Banks have vacated the illiquid credit market, creating an unusual window of opportunity.

Historically, this subset of lending has been the province of banks. But banks’ participation in this important market has declined as a result of several factors. Regulatory pressures to recapitalize under Dodd-Frank in the US and Basel III globally, mark-to-market accounting, a reduction in buyers for portfolios and difficulty acquiring and retaining the credit and negotiating talent have all contributed to banks vacating the illiquid credit market.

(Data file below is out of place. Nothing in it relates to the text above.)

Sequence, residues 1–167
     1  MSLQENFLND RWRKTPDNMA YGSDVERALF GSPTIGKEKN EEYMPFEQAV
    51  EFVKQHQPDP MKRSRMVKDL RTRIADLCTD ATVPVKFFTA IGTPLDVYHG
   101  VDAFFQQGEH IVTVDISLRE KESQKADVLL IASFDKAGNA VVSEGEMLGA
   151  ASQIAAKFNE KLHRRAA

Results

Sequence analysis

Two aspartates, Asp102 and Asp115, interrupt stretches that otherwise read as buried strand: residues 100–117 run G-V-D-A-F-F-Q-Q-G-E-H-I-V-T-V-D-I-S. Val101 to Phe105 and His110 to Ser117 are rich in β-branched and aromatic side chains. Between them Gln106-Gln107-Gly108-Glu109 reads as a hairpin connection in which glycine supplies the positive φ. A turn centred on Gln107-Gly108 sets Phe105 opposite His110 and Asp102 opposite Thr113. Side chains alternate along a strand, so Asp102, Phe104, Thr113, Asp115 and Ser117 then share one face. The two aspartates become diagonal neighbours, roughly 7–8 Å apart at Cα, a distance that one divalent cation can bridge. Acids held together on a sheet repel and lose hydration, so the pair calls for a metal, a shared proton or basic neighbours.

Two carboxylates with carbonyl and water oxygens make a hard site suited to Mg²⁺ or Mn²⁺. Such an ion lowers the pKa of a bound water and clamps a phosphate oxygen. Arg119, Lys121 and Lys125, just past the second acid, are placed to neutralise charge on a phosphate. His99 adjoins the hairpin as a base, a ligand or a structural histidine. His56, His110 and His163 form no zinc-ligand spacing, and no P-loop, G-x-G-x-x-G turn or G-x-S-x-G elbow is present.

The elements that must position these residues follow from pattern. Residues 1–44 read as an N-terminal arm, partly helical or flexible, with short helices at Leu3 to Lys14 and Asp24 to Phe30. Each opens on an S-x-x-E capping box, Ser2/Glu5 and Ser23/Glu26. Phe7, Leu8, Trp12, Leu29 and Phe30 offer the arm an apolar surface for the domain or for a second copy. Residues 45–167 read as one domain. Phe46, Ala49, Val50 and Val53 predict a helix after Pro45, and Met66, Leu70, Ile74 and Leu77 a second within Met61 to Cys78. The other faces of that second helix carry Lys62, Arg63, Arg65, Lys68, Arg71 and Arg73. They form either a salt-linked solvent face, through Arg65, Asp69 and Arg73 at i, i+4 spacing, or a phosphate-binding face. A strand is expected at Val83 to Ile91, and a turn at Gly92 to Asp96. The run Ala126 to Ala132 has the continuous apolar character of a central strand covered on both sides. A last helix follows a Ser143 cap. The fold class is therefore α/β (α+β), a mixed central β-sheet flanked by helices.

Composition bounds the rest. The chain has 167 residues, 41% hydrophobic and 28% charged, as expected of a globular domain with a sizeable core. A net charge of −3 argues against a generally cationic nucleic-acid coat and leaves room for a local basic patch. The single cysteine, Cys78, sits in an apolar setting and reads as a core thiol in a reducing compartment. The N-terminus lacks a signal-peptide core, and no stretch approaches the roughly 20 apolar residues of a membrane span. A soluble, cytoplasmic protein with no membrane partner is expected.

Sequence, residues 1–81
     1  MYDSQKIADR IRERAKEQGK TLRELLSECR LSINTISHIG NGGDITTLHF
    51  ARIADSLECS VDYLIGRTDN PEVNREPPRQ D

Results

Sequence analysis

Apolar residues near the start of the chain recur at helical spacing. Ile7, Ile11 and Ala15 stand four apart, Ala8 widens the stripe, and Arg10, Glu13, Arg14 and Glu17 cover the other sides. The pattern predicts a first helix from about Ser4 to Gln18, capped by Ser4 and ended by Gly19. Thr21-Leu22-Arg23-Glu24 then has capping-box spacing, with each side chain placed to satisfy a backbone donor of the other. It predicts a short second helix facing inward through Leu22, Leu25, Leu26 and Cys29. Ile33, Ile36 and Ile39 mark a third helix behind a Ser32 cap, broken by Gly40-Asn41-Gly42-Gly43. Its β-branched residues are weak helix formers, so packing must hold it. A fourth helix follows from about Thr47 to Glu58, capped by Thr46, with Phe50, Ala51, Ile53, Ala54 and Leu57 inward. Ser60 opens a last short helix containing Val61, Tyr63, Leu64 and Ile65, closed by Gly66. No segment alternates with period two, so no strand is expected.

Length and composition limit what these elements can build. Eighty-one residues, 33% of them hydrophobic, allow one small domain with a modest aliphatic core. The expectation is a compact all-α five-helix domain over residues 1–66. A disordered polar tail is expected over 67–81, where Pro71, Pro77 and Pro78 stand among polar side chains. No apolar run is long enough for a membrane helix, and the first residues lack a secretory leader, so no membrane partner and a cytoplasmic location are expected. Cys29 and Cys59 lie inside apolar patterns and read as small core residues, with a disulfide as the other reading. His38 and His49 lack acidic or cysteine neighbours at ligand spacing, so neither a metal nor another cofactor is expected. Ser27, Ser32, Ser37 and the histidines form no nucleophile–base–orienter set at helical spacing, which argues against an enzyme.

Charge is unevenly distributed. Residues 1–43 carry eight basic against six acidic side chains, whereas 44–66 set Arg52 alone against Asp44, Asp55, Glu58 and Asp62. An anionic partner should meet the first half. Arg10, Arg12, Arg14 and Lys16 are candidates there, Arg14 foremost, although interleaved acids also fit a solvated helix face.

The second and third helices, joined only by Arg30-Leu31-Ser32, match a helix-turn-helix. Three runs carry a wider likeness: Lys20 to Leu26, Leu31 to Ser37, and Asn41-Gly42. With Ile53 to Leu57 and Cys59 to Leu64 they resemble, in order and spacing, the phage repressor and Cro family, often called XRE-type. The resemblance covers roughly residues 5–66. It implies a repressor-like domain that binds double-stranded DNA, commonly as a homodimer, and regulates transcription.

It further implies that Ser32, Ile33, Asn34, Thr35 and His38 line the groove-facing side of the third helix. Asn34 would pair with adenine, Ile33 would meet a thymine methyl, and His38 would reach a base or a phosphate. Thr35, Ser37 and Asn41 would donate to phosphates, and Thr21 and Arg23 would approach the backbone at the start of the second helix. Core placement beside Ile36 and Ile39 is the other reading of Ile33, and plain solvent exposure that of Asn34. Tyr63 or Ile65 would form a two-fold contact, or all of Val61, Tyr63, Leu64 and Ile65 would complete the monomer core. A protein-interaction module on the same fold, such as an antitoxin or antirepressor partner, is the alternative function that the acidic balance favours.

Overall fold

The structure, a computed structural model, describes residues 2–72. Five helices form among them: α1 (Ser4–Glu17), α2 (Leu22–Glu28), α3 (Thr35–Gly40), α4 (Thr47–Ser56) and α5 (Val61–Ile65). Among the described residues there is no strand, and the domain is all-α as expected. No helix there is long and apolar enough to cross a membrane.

Moreover, this retreat is occurring during what appears to be the middle stages of a good credit cycle, a time when default risk on loans related to business activity may stay low, relative to historical levels. We believe that once banks rebuild their capital base through earnings and equity raises, the profitability of illiquid credit will lure them back to their historic role. In the interim, however, we believe the banks’ retreat has created an unusual window of opportunity, not only for pension funds and endowments, but also for asset management firms which, in turn, can open the opportunity to individuals.

It’s unlikely this window of opportunity will stay open long.